Identifying America’s Red Birds

Identifying America’s Red Birds

'Red is the ultimate cure for sadness.' —Bill Blass Click To Tweet

Some days, you need a little help to make you smile. Life is busy. We all get mired in routines and requirements that can drag us down if they go on too long. That’s one of the reasons we love bird feeding so much: it’s a stress-free and low maintenance way to break us out of that daily grind and remind us to connect with the life around us. And what’s more lively than a spark of bright red outside the window? If you’re wondering what that eye-catching avian is, Harvest can help.

A female and male pair of Northern Cardinals sit next to each other on a branch.Northern Cardinals are the #1 most popular backyard bird in America. Their spiky crests, bright orange beaks, and long tails are easy to spot, and the males’ vivid red plumage has made them a classic image for winter holiday cards across the country — even in regions where the birds themselves don’t live! Common from the Midwest to the Eastern USA, these red beauties can be found in backyards near forests or parklands where they prefer to forage on the ground, often in pairs. The female Cardinal’s feathers are more muted than her brilliant mate’s, but she still sports her share of red highlights in her wings and crest. You can attract these beautiful birds to your yard by planting low shrubs which provide a protected place to roost. Keep them coming back by stocking your feeders with their favorite black oil sunflower seeds.

A Rose-Breasted Grosbeak sits quietly on a tree branch.Grosbeaks are songbirds in the Finch family. As their name suggests, they have enormous beaks that they use to crush seeds. There are two species of Grosbeaks with red feathers. Pine Grosbeaks are medium-sized round birds whose males have muted red feathers that blend into grey. While they are primarily northern forest birds, they are readily attracted to feeders with suet or a treat of fresh fruit.

Rose-breasted Grosbeak males are black and white birds with shockingly red chests. They range from the midwest to the eastern US and can often be seen at forest edges where they typically nest in sapling trees. These charmers are particularly beloved of birders and will happily visit platform or tube feeders where they can snack on sunflower seeds and raw peanuts.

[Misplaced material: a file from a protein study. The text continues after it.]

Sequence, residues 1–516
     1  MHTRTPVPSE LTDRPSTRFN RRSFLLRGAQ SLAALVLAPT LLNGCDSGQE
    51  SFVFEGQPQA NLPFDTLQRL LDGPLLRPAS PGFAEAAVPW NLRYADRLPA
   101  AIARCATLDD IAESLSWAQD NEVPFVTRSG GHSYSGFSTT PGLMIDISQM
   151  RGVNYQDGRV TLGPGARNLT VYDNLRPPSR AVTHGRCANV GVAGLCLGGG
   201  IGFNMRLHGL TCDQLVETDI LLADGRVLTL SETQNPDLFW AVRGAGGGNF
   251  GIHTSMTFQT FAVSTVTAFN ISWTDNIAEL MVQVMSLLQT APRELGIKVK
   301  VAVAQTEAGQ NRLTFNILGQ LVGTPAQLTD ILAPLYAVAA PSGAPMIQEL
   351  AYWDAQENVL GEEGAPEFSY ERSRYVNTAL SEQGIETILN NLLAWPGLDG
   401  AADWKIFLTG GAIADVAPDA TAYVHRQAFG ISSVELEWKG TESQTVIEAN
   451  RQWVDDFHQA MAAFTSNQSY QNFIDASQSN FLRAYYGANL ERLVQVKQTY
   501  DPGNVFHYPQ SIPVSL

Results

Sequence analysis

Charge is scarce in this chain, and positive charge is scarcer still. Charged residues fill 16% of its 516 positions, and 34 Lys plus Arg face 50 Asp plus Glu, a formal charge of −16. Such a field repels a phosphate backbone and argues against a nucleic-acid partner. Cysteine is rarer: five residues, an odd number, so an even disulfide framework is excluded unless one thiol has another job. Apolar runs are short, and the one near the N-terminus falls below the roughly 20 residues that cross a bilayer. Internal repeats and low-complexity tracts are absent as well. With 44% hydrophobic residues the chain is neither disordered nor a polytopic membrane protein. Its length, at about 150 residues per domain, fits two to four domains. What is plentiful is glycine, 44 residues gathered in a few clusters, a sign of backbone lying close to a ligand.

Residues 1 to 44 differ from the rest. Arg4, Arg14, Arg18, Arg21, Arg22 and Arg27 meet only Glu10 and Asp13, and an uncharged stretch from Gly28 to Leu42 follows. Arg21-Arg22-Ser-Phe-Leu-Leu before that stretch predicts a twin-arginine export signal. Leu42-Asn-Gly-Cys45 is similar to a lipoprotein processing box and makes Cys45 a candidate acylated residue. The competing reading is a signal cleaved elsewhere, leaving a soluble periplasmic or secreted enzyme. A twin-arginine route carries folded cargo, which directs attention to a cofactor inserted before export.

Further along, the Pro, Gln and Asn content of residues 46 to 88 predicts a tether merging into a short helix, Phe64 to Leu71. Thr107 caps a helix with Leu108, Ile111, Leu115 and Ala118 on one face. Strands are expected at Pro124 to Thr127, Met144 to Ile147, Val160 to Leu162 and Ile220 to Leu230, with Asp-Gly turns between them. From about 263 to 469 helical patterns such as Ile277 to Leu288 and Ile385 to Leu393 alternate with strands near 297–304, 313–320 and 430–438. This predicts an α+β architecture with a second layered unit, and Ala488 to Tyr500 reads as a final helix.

A male house finch perches on a lichen-covered branch.House Finches and Purple Finches are smaller songbirds which both have red-toned plumage. House Finches can be seen over most of the US where they can be found in neighborhoods and parks. House Finches get their color from the food they eat — they can range from bright red to orange or even yellow depending on their diet. Female House Finches actually look for the brightest males in the hopes that they will provide the most food during nesting season!

Purple Finches are more ‘raspberry’ colored than purple. They range from the East Coast to the Pacific Northwest and can often be heard in the tops of trees where they not only sing their own song but also are able to mimic the calls of other birds. You can attract Purple Finches by providing plenty of their favorite black oil sunflower seed.

A pyrrhuloxia perches on a desiccated tree limb.Pyrrhuloxias are often mistaken for female Northern Cardinals with their red crests and short, stubby bills. (You can spot the difference in their faces: a Pyrrhuloxia’s beak is yellow where a Cardinal’s is orange.) They are native to the more arid regions of the Southwest, where they can be found perching on cacti or foraging in low desert shrubs.  If you live in the Southwest you can attract these lovely birds to your feeders by providing platform feeders with a variety of seeds — preferably placed in the shade! Encourage Pyrrhuloxias and other backyard birds to visit by offering a birdbath for a cool spot to rehydrate.

No matter where you live, there is probably a species of red bird native to your area. By providing food, water and a place for birds to perch you can encourage these beauties to come and brighten your yard with a visit. If you’re lucky they will bring a friend or two for a flock of brilliant color!

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